Thousands of children gathered on the Art Museum steps in Philadelphia Tuesday to try and set a Guinness world record for largest creative writing lesson.
Whether they actually achieved their goal is still up in the air.
Michael Empric, an adjudicator with Guinness, said his organization will need a day or two to determine if the record attempt was successful. At issue isn’t whether enough kids showed up to set the mark. Mighty Writers, the non-profit who organized the record attempt, only needed to turn out 250 participants in order to establish a new world record.
The problem, says Empric, is whether those who showed up were actually engaged in the stated activity.
“Because it was so warm out today we had a lot of people coming in and out, if more than ten percent of the participants were not paying attention, did not write a story, or left during the record attempt, the entire record attempt is deemed unsuccessful,” he said.
The inconclusive ending threw cold water on what had been a high-profile, high-energy gathering. Appearances by former Pennsylvania Governor Ed Rendell, local radio personality Mina SayWhat, and the Phillie Phanatic lent an air of celebrity to the record attempt, which was one of the most prominent public events connecting kids to this week’s Democratic National Convention.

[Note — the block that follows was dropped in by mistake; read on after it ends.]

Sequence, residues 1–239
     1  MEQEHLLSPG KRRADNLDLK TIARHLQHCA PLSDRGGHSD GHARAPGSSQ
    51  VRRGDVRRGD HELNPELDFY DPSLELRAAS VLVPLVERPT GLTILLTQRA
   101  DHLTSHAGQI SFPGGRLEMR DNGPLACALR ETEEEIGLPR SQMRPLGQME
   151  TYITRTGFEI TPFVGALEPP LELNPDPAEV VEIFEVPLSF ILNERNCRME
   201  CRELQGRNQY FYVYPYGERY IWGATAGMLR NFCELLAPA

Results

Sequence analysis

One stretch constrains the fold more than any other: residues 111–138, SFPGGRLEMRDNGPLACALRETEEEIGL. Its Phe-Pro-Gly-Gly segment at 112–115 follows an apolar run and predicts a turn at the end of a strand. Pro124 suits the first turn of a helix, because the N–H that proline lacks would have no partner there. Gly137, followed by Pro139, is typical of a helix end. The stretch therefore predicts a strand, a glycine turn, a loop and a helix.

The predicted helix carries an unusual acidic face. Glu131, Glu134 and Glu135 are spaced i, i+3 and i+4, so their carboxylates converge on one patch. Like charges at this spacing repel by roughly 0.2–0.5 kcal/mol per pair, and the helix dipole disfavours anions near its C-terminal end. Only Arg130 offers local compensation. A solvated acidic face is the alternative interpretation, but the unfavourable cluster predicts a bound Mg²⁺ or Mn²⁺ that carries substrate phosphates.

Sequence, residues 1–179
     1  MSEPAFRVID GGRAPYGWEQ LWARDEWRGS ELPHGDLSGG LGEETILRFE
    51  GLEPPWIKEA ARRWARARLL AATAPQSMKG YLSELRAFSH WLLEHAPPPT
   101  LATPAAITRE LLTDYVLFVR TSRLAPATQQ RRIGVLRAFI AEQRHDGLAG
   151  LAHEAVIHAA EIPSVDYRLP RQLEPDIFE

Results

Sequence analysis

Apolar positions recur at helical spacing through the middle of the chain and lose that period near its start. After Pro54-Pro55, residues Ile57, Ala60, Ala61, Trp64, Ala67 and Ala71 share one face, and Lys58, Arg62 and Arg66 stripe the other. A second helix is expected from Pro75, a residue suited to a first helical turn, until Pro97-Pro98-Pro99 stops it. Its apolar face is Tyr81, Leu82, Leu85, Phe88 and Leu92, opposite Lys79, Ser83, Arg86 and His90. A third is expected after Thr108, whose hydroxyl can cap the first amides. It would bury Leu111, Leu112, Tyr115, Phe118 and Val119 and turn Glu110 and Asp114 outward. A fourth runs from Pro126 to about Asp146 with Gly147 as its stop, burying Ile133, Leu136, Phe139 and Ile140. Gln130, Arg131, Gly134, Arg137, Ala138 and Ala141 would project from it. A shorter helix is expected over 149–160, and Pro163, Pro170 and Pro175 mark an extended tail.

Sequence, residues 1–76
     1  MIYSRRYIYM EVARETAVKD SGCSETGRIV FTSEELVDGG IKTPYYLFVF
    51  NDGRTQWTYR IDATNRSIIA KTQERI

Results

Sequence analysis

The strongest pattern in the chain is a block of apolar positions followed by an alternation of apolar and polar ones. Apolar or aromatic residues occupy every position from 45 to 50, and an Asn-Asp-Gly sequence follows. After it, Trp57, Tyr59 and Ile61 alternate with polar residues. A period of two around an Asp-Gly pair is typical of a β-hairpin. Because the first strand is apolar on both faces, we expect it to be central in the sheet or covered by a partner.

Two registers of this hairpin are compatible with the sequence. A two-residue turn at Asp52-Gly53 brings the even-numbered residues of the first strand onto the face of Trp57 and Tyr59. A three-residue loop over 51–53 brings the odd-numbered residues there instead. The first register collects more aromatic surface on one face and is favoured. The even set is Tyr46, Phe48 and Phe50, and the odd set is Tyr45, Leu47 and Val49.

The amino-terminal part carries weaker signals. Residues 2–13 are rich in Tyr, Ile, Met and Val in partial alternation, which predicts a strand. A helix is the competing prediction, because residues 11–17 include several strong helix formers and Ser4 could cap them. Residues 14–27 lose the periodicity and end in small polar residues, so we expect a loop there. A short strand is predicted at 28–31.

Thousands of children and their dutiful chaperone’s endured a long wait in intense heat. After a revolving door of speeches and warm up exercises–accompanied, of course, by the theme music to “Rocky”–the kids finally started the 15-minute writing activity shortly before 11. They were asked to write about what they would do if elected president.
There were a smattering of silly answers, including a couple advocates for increased dessert consumption. But the majority seemed to focus on sensitive national issues. Together, the responses painted a remarkable portrait of how children in Philadelphia view their communities and the problems ailing them. Racism, gun violence, and poverty emerged as prevailing themes.
“I wrote about how people have guns in the streets,” said Keyanna Foreman, 9.
“I would stop racism and let all races get a chance to explain how they feel about how cops are shooting people for no absolute good reason,” said Layla Osborne, 10. “It’s mostly the African Americans that are getting shot.”
“I wanted people who need love, food, and shelter to have that,” said Samiyah Colbert, 10. “And I said I want racism to end and be forgotten.”
When the 15 minutes was up, Mighty Writers volunteers collected booklets and submitted them to the Guinness judge. The number of booklets will be compared against the number of complimentary backpacks distributed to determine if 90 percent of those who showed actually participated in the record attempt.
As the event was breaking up around noon, one volunteer opened a booklet and found a response that consisted of a single sentence and was composed by a child identified only as “Jaisa.”
It read simply, “If I were president: Let them come in.”